A corner of Antwerp belongs to a man, whose boutique Het Modepaleis with its 1881 original sign with gold serif typeface affectionately restored, sit on Nationalestraat’s corner. The distinct five-storey triangular building has enough grandeur for a petite department store. Dries Van Noten bought this shop in 1989, three years after he had launch his label in the market. It was perhaps an heroic move for a fledgling company, however the purchase is now the designer’s permanent landmark in the city.
There are times when the shop remains closed and the reason for this that Noten himself gave is that there is somewhat a fashion and business tradition in Antwerp to sell out stuff, then clean up and close the store until the new collection is in and put on shelves for sale. This is a time when people gather as flocks of birds queuing to buy the pieces they particularly want. Only some fashion houses practice such a enchantingly old-fashioned tradition, but it certainly works for Noten who finds many fans just waiting to enter the shop when it opens after a week or so. Van Noten works independently and doesn’t care much about what other designers are doing, he does what he likes.
The designer has over five hundred stockists around the world, and two standalone stores in Paris besides this one. According to a source, his annual turnover is expected to be around fifty-five million Euros. Noten’s heart of business is clothing and is considered to be over ninety percent of his output. The designer flaunts his collections four times in Paris during fashion shows, in which the number of times is broken equally into displaying collections of men and women. In the year 2000, the designer bought an impressive forty-three thousand square feet warehouse and named it as his headquarters. It was in 1993 that Van Noten debuted his women’s collection in a show at Hotel George V, located in Paris.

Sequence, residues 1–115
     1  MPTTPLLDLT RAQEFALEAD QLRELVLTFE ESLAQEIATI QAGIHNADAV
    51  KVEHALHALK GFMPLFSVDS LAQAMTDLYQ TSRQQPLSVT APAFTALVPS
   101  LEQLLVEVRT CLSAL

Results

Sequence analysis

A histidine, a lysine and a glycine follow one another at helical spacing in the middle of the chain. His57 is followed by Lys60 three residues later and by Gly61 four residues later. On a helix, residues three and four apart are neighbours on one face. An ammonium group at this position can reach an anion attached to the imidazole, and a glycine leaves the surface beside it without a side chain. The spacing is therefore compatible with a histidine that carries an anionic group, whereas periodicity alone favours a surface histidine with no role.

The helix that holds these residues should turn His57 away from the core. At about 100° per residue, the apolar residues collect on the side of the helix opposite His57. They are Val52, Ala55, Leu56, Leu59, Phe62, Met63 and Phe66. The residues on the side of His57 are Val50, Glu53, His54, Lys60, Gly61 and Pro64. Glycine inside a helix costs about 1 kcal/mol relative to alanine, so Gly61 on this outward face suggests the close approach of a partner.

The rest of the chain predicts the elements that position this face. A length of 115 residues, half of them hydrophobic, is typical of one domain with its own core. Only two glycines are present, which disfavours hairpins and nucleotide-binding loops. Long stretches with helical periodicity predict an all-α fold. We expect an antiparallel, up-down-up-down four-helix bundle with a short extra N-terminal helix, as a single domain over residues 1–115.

Noten’s father had hoped that Dries would do a degree in business and manage the family trade, however Dries Van Noten’s dream was much different than his father’s. Noten desired to become a designer, to which his parents did not agree and warned the young man that if he wanted to do something that he likes then Noten has to support himself financially. Although, this seems to be a harsh statement from his parents but this scenario made the designer into a hardworking and self-sufficient man. In 1976, he started off by studying at the Royal Academy of Fine Arts and around the same time financially supported himself by creating clothing designs for other companies. Noten’s aim was to prove that he could turn his talent and zeal into a lucrative business.
The designer is not the only child of his parents, he is in fact the youngest of the four children with one brother and two sisters. At the time when Noten was just a kid, pop music was rising to popularity with David Bowie standing out. There were new TV programs to see and all this fascinated Noten.
In 1986, Noten’s first range of clothes was purchased by Barneys who noticed the Antwerp Six group that included Noten and his contemporaries Walter Van Beirendonck, Dirk Van Saene, Marina Yee, Dirk Bikkembergs and Ann Demeulemeester. The point of making the group was explained by Noten in an interview with Elle that the designers only wanted was to keep their own spirit and image alive within the boundaries of Antwerp.